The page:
## Stream: new members

### Topic: power series

#### Alex Kontorovich (Sep 24 2020 at 20:10):

Another stupid question please: what's the best way deal with a function defined by a power series? For example, if I want to access the power series of exp, is something like this available somewhere?

theorem expPowerSer : ∀  u v :ℂ , complex.exp u = v → (∀ ε:ℝ, 0<ε →  ∃ N:ℕ , complex.abs(v- ((finset.range N).sum (λ n, u^n/ (nat.fact n) )))<ε)
:=
begin
intros,
--    by library_search,
sorry,
end


#### Heather Macbeth (Sep 24 2020 at 20:11):

At the moment, exp in particular is defined by power series, but in an ad-hoc way, that has not been connected yet to the general theory of power series.

#### Yakov Pechersky (Sep 24 2020 at 20:11):

Specifically:

/-- The Cauchy sequence consisting of partial sums of the Taylor series of
the complex exponential function -/
@[pp_nodot] def exp' (z : ℂ) :
cau_seq ℂ complex.abs :=
⟨λ n, ∑ m in range n, z ^ m / nat.fact m, is_cau_exp z⟩

/-- The complex exponential function, defined via its Taylor series -/
@[pp_nodot] def exp (z : ℂ) : ℂ := lim (exp' z)


#### Heather Macbeth (Sep 24 2020 at 20:12):

But "someday", everything will be neatly deduced from the general theory in
https://leanprover-community.github.io/mathlib_docs/analysis/analytic/basic.html

#### Alex Kontorovich (Sep 24 2020 at 20:18):

Yes, I saw that that's how it's defined. But then how do I actually access the power series if trying to prove something. E.g.

theorem expBnd : ∀ x:ℂ , complex.abs x < 1/2 → complex.abs (complex.exp x - (1+x))< 1:=
begin
intros,

sorry,
end


#### Alex Kontorovich (Sep 24 2020 at 20:21):

The "human" proof is of course that the tail is |x^2/2+x^3/3!+...| < |x|^2+|x|^3+...< 1/4+1/8+... = 1/2. What's a good way of executing such a thing in Lean?...

#### Yakov Pechersky (Sep 24 2020 at 20:22):

Here is a related existing mathlib proof:

lemma abs_exp_sub_one_sub_id_le {x : ℂ} (hx : abs x ≤ 1) :
abs (exp x - 1 - x) ≤ (abs x)^2 :=
calc abs (exp x - 1 - x) = abs (exp x - ∑ m in range 2, x ^ m / m.fact) :
... ≤ (abs x)^2 * (nat.succ 2 * (nat.fact 2 * (2 : ℕ))⁻¹) :
exp_bound hx dec_trivial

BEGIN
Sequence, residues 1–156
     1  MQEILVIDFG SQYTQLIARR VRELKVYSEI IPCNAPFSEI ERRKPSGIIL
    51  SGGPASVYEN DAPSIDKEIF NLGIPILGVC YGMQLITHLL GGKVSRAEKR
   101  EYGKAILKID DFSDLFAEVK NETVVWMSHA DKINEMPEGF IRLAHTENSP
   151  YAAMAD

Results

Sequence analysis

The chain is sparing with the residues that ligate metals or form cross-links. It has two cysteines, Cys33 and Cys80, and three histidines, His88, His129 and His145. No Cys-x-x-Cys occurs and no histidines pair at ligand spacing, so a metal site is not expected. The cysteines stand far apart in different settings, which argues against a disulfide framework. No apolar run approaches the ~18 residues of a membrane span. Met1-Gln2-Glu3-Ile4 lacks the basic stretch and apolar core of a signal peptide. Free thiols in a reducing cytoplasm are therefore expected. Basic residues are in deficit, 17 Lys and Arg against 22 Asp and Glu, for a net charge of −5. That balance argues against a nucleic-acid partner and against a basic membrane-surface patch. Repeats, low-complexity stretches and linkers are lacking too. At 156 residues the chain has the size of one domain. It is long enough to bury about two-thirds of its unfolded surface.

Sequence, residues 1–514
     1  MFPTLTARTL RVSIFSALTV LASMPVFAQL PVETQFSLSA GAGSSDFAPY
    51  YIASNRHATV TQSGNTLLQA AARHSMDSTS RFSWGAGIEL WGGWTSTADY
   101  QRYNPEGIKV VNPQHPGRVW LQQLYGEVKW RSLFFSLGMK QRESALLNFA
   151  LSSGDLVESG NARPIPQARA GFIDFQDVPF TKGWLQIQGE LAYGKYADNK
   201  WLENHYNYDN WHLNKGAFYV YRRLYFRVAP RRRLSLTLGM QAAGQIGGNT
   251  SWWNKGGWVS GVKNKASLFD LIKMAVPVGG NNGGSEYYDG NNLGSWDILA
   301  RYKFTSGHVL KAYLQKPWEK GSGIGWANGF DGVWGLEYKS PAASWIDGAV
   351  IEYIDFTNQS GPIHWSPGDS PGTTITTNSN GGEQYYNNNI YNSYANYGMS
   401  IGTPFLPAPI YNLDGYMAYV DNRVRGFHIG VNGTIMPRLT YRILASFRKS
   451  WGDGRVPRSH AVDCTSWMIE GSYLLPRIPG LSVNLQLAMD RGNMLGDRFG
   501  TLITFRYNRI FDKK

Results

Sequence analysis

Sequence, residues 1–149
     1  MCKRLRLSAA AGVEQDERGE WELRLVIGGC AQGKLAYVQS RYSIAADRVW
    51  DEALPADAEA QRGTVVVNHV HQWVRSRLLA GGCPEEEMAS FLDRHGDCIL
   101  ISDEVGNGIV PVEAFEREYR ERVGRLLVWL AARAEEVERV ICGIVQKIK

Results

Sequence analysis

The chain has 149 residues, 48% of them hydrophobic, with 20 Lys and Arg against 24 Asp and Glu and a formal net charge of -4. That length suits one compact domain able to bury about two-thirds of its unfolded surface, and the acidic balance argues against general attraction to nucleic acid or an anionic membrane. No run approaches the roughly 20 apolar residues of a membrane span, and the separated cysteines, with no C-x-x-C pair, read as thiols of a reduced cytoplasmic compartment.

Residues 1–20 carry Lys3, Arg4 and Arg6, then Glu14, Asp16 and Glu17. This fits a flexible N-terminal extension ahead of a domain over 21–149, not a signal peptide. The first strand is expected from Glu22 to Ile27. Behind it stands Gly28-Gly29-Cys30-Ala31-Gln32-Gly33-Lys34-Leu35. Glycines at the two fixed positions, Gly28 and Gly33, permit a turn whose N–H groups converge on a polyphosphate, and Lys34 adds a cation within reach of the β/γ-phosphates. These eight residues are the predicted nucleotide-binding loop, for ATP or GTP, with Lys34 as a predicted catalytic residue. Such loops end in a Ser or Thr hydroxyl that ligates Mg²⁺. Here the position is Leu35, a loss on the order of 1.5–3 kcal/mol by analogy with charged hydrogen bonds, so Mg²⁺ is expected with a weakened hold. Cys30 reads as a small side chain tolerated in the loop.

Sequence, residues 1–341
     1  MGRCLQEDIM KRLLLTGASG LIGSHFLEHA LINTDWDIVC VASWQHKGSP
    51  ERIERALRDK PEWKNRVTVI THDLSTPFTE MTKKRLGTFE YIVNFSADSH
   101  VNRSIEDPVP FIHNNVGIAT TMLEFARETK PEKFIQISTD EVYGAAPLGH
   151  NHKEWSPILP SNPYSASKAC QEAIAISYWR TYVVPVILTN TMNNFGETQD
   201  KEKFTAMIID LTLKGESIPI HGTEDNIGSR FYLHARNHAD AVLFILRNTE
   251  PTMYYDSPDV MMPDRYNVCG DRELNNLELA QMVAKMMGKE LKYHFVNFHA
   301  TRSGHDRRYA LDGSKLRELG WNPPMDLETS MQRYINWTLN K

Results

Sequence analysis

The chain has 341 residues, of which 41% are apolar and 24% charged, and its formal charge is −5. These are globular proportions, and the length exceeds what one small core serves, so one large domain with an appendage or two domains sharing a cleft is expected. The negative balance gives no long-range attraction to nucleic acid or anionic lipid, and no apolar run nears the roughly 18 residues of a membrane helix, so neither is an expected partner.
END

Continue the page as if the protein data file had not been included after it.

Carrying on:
... ≤ (abs x)^2 * 1 :
mul_le_mul_of_nonneg_left (by norm_num) (pow_two_nonneg (abs x))
... = (abs x)^2 :
by rw [mul_one]


#### Yury G. Kudryashov (Sep 24 2020 at 20:24):

I think that we talk about "some day" too much. Let's discuss how to actually do it.

#### Yury G. Kudryashov (Sep 24 2020 at 20:25):

I know that I've started this discussion months ago...

#### Yury G. Kudryashov (Sep 24 2020 at 20:25):

First, we have power series in algebra and in analysis/analytic.

#### Alex Kontorovich (Sep 24 2020 at 20:25):

Thanks, that's what I was looking for! (I think... we'll see if it works for what I need...)

#### Yury G. Kudryashov (Sep 24 2020 at 20:33):

If we want a theory of one-variable analytic functions, the first step would be to define

#### Yury G. Kudryashov (Sep 24 2020 at 20:34):

@Sebastien Gouezel Which items do we already have? I know that we have a lot of theory about general analytic functions, so this is not included in the list.

#### Sebastien Gouezel (Sep 24 2020 at 20:36):

For the first point, we have

/-- The canonical continuous multilinear map on 𝕜^ι, associating to m the product of all the
m i (multiplied by a fixed reference element z in the target module) -/
protected def mk_pi_field (z : E₂) : continuous_multilinear_map 𝕜 (λ(i : ι), 𝕜) E₂ :=


#### Sebastien Gouezel (Sep 24 2020 at 20:38):

But indeed all the glue specializing the general framework of analytic functions to one dimension (analogous to what we have for fderiv/ deriv) is completely missing.

#### Yury G. Kudryashov (Sep 24 2020 at 20:40):

As far as I understand, we also miss a framework for finite dimensional analytic functions (i.e., starting with mv_power_series).

#### Yury G. Kudryashov (Sep 24 2020 at 20:41):

I think that mk_pi_field should be generalized to a normed_algebra.

#### Alex Kontorovich (Sep 24 2020 at 20:46):

Ok I'm still stuck on the first line: ∑ m in range 2, x ^ m / m.fact.
It doesn't know what "∑" is. I looked at the source code (https://github.com/leanprover-community/mathlib/blob/02ca5e2/src/data/complex/exponential.lean) and the symbol is used on line 90 without being defined. How do I get Lean to allow it? Thanks!

#### Yury G. Kudryashov (Sep 24 2020 at 20:51):

This is a localized notation; you need open_locale big_operators to make it available.

#### Yakov Pechersky (Sep 24 2020 at 20:51):

It comes from import algebra.big_operators which is likely transitively imported

#### Yakov Pechersky (Sep 24 2020 at 20:52):

And to have access to the symbol, have open_locale big_operators after your imports

#### Yury G. Kudryashov (Sep 24 2020 at 20:52):

Note that it is the "sum" symbol, not "sigma"; I double checked, you use the correct symbol.

Last updated: Dec 20 2023 at 11:08 UTC